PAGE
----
This blog is part of the Analyzing Scoliosis series, which is designed to teach movement practitioners how to work confidently with clients who have scoliosis. In previous posts I discussed the typical scoli body, common types of scoli (AIS and functional scoliosis), when to work with a client, handling a misdiagnosed client, the importance of movement, the role of the instructor, assembling your dream team, and the analysis process. My book, Analyzing Scoliosis, which covers the topics in this series (as well as others) in more depth, is available on Amazon.
Now I want to teach you how to use your own senses and body knowledge to take a deeper look at your scoli client’s spine. Before you perform this assessment, put aside any assumptions you may have made about your client’s spine. Simply let the body show you where it is in space.
To begin, have your client stand in front of you and face away from you. With your dominant hand, make a “peace sign.” Put those two fingers at the base of their head, on either side of their vertebrae (your fingers will be on either side of the spinous process).
Put your “peace sign” fingers at the top of your client’s neck. Have your client bow their head and slowly roll down through their spine as they reach their hands to their toes. As they do this, follow their spine with your peace sign fingers down to the bottom of their back (sacrum) while applying pressure. This is to assess the lateral shifting of their spine.
Make sure to allow your fingers to shift and rotate with the client’s spine. Don’t try to keep your peace sign fingers in a straight line while going down their back, because you’ll most likely miss the scoliosis. Notice where your fingers deviate from center. Do they deviate off-center one way at the top, and another way at the bottom of the spine? Do they only deviate once and then return to center? Write down what you notice.
Next, have your client stand up straight. Make both of your hands nice and flat, like blades, with your palms facing the floor. Place your hands on their shoulders. Again, have your client roll down. Allow your hands to glide down their back, dropping straight down from their shoulder blades until you reach their sacrum. This is to assess the rotation of their scoliosis.
Do you feel one hand higher than the other at certain parts of their back? Does that change as your hands move lower down? When one hand is higher, does it correlate to where the spine is shifting laterally? Start to make mental notes of your observations, then jot down the big things you noticed about their back on a piece of paper or in their client file.
Before touching your client’s pelvis, ask permission to do so. First say, “do you mind if I touch your hip bones?” Once you have permission you may put your hands on your client’s pelvis. If you sensed that they were uncomfortable during your hands-on spinal assessment or when you asked to put your hands on their pelvis, you may also say, “can you put your hands on your hip bones? Good. Now, do you mind if I now put my hands on your hip bones?” Some clients don’t like to have their space invaded, and this can make them feel more comfortable with the hands-on assessment. It may also prevent you from putting your hands all over their pelvis if you aren’t very confident in the location of their ASIS, PSIS, and iliac crests.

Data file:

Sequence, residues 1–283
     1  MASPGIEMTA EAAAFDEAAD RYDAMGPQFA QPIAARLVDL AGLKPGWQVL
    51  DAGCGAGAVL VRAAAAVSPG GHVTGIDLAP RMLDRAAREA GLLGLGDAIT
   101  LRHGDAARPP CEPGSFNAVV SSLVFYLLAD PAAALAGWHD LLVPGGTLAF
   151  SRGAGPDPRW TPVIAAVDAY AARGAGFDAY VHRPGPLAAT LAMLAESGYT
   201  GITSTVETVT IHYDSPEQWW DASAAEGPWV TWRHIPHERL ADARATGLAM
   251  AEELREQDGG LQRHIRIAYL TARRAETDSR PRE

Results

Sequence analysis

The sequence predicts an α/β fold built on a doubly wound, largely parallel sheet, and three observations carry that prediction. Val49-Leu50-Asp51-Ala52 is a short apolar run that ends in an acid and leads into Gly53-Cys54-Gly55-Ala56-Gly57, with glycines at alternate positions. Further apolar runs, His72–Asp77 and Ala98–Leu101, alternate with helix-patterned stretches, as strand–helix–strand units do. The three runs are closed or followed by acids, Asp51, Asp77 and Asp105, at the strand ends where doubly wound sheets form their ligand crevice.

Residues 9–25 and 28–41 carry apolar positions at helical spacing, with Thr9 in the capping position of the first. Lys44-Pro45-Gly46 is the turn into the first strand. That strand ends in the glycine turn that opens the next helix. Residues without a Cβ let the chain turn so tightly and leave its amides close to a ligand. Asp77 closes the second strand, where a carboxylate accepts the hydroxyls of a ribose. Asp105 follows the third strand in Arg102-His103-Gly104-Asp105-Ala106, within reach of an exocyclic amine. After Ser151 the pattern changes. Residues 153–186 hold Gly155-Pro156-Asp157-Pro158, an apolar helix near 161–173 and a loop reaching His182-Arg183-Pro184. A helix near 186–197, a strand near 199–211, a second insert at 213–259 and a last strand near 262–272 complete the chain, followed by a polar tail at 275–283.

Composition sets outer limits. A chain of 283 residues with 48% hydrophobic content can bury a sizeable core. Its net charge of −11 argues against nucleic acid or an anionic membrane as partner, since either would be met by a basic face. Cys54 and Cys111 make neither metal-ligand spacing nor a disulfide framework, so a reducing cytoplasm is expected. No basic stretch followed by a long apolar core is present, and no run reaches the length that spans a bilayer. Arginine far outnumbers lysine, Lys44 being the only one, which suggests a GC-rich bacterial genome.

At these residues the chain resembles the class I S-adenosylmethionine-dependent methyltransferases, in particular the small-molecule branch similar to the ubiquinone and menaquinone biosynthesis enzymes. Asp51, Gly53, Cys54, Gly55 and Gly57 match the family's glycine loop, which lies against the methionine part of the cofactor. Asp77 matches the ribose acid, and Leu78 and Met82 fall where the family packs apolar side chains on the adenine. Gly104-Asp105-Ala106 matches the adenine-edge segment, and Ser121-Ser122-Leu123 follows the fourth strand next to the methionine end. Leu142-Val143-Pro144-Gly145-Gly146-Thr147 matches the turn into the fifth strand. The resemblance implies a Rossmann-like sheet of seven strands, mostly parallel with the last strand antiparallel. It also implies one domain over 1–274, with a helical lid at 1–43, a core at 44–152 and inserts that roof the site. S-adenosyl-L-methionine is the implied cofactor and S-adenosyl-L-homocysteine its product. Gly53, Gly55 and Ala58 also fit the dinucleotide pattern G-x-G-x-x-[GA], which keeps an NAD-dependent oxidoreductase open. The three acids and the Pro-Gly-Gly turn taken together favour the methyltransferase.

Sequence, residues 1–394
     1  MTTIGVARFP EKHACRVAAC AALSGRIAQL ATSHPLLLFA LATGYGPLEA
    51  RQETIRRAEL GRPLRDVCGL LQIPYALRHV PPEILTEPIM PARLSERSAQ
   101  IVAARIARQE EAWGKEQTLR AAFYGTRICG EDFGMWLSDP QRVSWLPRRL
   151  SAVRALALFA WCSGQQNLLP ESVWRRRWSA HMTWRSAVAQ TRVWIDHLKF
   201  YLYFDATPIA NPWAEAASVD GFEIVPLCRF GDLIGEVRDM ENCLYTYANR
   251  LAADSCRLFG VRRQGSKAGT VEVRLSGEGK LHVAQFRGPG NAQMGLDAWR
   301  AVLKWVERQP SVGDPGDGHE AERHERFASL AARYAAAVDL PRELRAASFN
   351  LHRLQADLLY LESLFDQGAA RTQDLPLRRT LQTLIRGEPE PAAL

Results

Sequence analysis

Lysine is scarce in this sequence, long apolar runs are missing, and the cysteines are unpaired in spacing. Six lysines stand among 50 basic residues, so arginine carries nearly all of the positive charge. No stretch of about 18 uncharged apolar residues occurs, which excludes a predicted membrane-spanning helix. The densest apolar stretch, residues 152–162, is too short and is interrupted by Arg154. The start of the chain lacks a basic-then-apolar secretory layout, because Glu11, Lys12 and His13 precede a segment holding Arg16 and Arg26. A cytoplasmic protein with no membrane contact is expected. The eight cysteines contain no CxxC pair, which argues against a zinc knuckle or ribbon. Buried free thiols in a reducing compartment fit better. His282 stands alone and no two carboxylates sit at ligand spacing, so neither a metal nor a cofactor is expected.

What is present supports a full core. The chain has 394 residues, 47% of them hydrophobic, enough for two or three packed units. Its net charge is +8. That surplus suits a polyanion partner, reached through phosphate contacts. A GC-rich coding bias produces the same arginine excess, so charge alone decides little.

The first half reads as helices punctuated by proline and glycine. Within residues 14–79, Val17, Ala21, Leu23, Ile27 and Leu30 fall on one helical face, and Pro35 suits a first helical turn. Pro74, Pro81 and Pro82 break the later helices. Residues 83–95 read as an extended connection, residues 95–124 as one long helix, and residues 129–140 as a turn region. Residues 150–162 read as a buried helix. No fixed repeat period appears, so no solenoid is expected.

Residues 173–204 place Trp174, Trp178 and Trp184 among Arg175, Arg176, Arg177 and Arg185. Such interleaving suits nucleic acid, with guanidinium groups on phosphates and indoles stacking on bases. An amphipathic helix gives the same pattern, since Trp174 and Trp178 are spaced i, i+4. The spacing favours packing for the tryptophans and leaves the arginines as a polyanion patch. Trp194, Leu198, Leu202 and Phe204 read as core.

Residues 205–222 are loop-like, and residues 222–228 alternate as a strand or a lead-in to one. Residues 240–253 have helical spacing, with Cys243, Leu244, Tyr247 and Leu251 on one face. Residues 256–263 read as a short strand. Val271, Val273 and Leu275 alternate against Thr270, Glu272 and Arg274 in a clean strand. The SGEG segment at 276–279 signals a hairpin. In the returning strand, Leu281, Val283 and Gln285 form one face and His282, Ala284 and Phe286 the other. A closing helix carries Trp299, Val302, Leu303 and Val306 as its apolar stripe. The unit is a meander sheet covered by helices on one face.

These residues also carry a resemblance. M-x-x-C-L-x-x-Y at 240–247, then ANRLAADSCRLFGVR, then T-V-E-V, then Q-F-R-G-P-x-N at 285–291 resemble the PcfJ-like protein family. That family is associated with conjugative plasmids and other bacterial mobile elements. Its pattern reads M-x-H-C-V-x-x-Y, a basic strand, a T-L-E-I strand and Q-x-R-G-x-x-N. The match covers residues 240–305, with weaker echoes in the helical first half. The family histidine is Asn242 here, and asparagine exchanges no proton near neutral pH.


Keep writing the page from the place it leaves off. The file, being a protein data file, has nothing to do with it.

Have your client stand about a foot away from you, and face you. Make your hands straight like blades, with your palms facing down. Press your hands in at your client’s waist line and push down until your feel the top of the pelvis (iliac crest). What do you feel? Are your hands the same height or does one feel and look noticeably higher than the other? Make a mental note or jot down what you notice.
Next, place your thumbs on their hip bones (the prominent points of their ASIS on both sides) and wrap the rest of your fingers around their pelvis towards the back. What do you feel under your thumbs? Do the right and left sides feel the same? Does one bone feel higher or lower, protrude more or less, or tilt out or in more than the other? Trust your initial instinct and make a mental note, or jot down what you’re feeling.
Lastly, have your client turn around so their back is facing you. Place your thumbs on the two little bones that feel like marbles at the top, outside parts of their sacrum (PSIS), near their SI joints, then wrap the rest of your fingers around the pelvis towards the front. Again, what do you feel? Assess the same things you did when your client was facing you.
You’ve gotten a 360-degree picture of their pelvis, now put all the pieces together. Did what you felt at the top, front, and back of their pelvis make sense together? What stood out to you? Was one whole pelvic half up, forward, or tilted? Was the entire pelvis rotated in one direction? Try to get a grasp on what the pelvis was doing as a whole. Jot down on a piece of paper what you noticed.
That’s it – the whole physical assessment. However, this is only half of the assessment process. In my next post, I’ll cover the visual part of the assessment process as well as how to put both parts together. In the meantime, I hope you practice physical assessments on your socli clients.